Feelin’ Saucy: The Valley's hot new edible

from Chip Valley Salsa Co. comes Bulldog Hot Sauce, GMO-free – and hot

Emily Kuhn, photos by Andrea Paulseth

A TRICKY MIX. Jim Lucas prepares some Bulldog Hot Sauce. He and his wife Alexis run the Chip Valley Salsa Company – formerly Chip Magnet Salsa – and will now branch out to include stuff like the GMO-free sauce.
A TRICKY MIX. Jim Lucas prepares some Bulldog Hot Sauce. He and his wife Alexis run
the Chip Valley Salsa Company – formerly Chip Magnet Salsa – and will now
branch out to include stuff like the GMO-free sauce.

Bulldog Hot Sauce owner Alexis Lucas says her hot sauce is named after her husband, Jim, who is known to family and friends as a “bulldog” in the kitchen. However, I suspect that anyone who meets Alexis will see her as a bit of a bulldog as well: She’s passionate about her business, committed to making products that are free of genetically modified organisms (GMOs) and determined to sell only the kind of food she would serve her own family: real, wholesome, and delicious.

“Why would you make food to sell that you wouldn’t eat?” says Alexis, whose husband quit his job last April to work with her. “I couldn’t do it. I believe in eating real food.”

Making salsa comes naturally to Alexis; her grandmother taught her how to peel, blanch, and can tomatoes when she was just five years old and she’s been doing it ever since. Chip Valley Salsa became licensed in June 2012 and since then, Alexis and her eight employees have been producing salsas, barbeque sauces, and relishes from their Banbury Place facility for local retailers such as Gordy’s County Market, Mega Co-Op, Festival Foods, and regional locations throughout La Crosse, Madison, Milwaukee, Chicago, Wausau, and the Twin Cities.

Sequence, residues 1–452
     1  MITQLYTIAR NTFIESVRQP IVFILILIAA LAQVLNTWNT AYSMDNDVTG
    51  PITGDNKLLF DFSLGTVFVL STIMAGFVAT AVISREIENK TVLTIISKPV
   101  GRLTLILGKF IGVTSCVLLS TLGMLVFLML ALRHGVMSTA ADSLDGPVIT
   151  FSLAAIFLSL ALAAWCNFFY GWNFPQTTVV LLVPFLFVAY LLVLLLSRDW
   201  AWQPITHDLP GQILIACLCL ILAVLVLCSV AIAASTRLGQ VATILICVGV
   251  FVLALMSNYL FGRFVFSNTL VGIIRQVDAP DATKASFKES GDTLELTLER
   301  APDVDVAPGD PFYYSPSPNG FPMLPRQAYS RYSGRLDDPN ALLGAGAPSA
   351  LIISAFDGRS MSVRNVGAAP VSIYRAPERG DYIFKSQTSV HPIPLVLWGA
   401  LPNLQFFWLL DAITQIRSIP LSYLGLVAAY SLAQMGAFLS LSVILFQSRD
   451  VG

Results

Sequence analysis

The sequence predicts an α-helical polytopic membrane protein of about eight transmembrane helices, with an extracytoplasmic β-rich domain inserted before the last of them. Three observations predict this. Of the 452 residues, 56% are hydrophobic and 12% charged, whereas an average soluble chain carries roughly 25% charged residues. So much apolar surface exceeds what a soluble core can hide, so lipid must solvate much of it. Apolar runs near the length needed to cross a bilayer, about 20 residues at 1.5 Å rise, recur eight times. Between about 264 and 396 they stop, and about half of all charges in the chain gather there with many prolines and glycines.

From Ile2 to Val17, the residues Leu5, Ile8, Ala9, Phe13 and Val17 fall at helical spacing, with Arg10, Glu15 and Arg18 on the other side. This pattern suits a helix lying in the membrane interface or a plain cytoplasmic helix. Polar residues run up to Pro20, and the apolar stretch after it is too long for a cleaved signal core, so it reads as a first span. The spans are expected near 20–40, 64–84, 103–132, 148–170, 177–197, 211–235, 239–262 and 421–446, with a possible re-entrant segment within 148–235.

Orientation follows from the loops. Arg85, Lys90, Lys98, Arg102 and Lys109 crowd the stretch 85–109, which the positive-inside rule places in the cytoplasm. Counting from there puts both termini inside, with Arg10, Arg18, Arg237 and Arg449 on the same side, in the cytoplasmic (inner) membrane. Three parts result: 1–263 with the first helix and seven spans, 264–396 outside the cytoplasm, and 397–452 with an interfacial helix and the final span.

Bulldog Hot Sauce is an offshoot of Chip Valley Salsa Company, formerly known as Chip Magnet Salsa, which Alexis began three years ago after the salsa she’d been taking to the farmer’s market each week became wildly popular.

For the moment, the only Chip Valley Salsa products condiment lovers can find in stores are salsas and barbecue sauces. However, Alexis soon plans to make available not only additional salsa and barbecue sauce flavors, but Worchestershire sauce, ketchup, supper club sauces, and – of course – hot sauce.

“It seemed like a natural step,” says Alexis. “If we’re going to do barbecue sauce, we might as well do hot sauce. So, we spent a day in the kitchen and it turned out fantastic!”

Chip Valley Salsa’s recipes are all Alexis’ personal combinations (with the exception of the barbecue sauce, which her husband came up with), tested and perfected by trial and error. Her salsa and barbecue sauce ingredients haven’t changed since she began; the only difference in the next few weeks will be the company’s official GMO-free certification, which she’s currently working with NSF International to achieve. Their full line will be certified GMO-free, and a few items will be certified organic. Chip Valley Salsa’s facility is already allergen-free, and 90 percent of their ingredients are organic.

“I wish everyone was as diligent as we are. How much easier would that be shopping?” said Alexis. “I couldn’t show my face if I was making something to sell that I wouldn’t eat myself. I want to know what I’m eating, and this way I do – and so will you.”

Learn more at www.facebook.com/bulldogsauce.